So, what do you get when you take ‘Count’ Frankenstein, a horny midget, a horny hunchback, a caveman named Ook (“I do not know your name, so I will call you ‘Ook’!”), a pack of disgruntled villagers, two frequently naked young women, some mumbo jumbo about bringing the dead back to life and an ineffectual police prefect bent on a cover up? You get Frankenstein’s Castle of Freaks, of course. The moral of the story? “There’s a bit of the monster in all of us.” Classic. There’s no danger of this Frankenstein ever showing up on any Top 100 lists, but it’s exactly the kind of poorly made, absurd fun that plays best on an episode of Mystery Science Theater 3000 or in front of a vocal, appreciative live audience. It got the proper treatment Tuesday night at the New Beverly.
An intermission and more trailers followed: The sexploitation films Country Hooker and Teenage Bride (“The line forms at the rear for Teenage Bride!) plus three full on porn trailers including Marilyn Chambers’ Insatiable (drawing outright applause from the audience), Wildcat Women and Playmates; the latter two in 3D and playing Friday and Saturday at the New Beverly.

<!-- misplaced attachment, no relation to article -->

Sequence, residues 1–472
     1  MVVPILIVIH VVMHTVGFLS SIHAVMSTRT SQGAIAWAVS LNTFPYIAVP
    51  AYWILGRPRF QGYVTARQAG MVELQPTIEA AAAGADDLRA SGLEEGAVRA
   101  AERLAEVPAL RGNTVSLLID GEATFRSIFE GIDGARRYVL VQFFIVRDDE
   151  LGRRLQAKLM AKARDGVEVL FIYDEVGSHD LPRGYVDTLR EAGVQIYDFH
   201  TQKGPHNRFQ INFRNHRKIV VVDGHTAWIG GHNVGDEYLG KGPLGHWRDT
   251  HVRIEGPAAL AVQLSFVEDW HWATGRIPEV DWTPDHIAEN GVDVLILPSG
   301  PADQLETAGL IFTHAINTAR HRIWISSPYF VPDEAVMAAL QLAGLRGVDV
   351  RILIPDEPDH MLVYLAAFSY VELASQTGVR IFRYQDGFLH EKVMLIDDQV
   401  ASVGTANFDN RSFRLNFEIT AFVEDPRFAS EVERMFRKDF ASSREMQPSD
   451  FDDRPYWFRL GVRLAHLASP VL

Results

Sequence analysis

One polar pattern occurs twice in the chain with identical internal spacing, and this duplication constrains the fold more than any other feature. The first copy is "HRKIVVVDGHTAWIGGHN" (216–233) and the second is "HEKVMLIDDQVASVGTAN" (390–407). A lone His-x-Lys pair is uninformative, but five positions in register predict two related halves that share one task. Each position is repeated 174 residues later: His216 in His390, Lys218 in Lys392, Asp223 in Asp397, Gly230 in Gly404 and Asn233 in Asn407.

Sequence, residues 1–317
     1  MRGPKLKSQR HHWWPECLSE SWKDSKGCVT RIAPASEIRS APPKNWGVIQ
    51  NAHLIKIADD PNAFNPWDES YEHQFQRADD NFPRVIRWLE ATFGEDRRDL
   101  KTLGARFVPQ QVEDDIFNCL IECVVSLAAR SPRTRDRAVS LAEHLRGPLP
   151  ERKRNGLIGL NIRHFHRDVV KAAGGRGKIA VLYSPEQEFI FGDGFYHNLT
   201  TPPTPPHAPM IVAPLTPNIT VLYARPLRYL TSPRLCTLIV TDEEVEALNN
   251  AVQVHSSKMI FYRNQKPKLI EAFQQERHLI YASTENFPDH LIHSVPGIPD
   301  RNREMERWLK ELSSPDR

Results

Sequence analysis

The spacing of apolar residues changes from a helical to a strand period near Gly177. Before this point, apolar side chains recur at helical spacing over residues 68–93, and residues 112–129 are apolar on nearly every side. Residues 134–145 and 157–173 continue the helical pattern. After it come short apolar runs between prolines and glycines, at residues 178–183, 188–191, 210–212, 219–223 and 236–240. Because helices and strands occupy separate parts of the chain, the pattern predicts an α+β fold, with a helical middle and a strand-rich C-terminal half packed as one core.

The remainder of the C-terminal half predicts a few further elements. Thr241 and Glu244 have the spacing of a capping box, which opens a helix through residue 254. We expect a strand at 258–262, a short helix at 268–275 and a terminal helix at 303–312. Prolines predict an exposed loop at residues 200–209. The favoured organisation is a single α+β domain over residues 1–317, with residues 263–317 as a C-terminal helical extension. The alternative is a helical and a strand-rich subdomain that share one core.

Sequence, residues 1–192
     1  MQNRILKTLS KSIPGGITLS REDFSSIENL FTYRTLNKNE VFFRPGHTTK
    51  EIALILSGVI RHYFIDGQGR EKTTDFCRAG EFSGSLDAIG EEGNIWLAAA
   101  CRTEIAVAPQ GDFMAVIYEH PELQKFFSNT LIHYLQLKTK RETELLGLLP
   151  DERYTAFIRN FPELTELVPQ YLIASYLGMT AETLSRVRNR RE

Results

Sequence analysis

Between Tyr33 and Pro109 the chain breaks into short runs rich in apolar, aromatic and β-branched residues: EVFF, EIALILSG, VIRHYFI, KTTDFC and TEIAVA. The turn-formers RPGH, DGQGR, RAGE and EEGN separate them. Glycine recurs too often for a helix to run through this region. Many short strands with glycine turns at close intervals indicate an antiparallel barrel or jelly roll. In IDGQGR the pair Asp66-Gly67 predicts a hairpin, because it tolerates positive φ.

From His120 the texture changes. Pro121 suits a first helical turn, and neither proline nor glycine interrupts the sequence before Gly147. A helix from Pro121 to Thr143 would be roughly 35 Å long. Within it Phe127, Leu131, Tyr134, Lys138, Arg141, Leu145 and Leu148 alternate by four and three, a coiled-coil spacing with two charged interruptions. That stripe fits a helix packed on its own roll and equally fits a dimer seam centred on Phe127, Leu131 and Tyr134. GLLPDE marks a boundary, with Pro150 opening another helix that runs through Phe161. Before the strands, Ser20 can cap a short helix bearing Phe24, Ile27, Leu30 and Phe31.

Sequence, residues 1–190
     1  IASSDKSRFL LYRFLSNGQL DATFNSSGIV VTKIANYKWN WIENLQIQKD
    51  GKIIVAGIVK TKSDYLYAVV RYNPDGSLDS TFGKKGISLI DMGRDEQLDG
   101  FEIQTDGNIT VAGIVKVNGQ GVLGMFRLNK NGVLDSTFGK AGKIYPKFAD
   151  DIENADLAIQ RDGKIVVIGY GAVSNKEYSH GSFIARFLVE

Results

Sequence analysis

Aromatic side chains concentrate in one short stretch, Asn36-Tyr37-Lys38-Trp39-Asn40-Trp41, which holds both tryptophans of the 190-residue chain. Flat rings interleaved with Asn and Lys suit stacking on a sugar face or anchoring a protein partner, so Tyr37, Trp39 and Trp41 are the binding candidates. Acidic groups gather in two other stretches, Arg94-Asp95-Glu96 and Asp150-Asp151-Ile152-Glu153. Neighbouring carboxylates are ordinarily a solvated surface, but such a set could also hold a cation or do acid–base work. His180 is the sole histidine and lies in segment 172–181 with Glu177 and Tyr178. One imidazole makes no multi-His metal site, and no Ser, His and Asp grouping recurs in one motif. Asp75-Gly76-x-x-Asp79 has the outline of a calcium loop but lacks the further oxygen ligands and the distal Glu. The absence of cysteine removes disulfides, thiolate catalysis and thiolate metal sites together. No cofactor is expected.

At last came the final feature The Sinful Dwarf. Olaf the horny, deranged, Swedish dwarf and his mother Lila Lash, an aging, drunken, ex-cabaret singer (prone to doing sloppy Carmen Miranda and Marlene Dietrich impressions for her drunken friends) run a boarding house. Upstairs they keep a bunch of prostitutes chained and drugged whose services they sell to visiting men. They get their drugs from a heroin dealer named Santa Claus who delivers his stuff inside of the assorted creepy stuffed animals and strange wind-up toys that litter the boarding house. Enter unemployed writer Peter and loyal wife Mary who rent a room for 6 pounds a week….creepy dwarf and peephole no extra charge. Truly bizarre and more than a little disturbing. Jeff the projectionist warned us ahead of time that we’d probably want to go home and take a shower after the movie, but that the insane pre-credit and credit sequences were worth the price of admission. He didn’t lie on either count.
And that was that. The staff seemed pleased with the good Tuesday night turnout and they announced that the theater would definitely remain open at least until the end of the month. They encouraged everyone to spread the word and tell their friends to come support the theater.
You can keep an eye on the New Beverly website and their Myspace page. Also remember the American Cinematheque is planning a tribute to Sherman Torgan on the afternoon of August 19. The Cinematheque website has no details yet, but if I hear anything I’ll post it.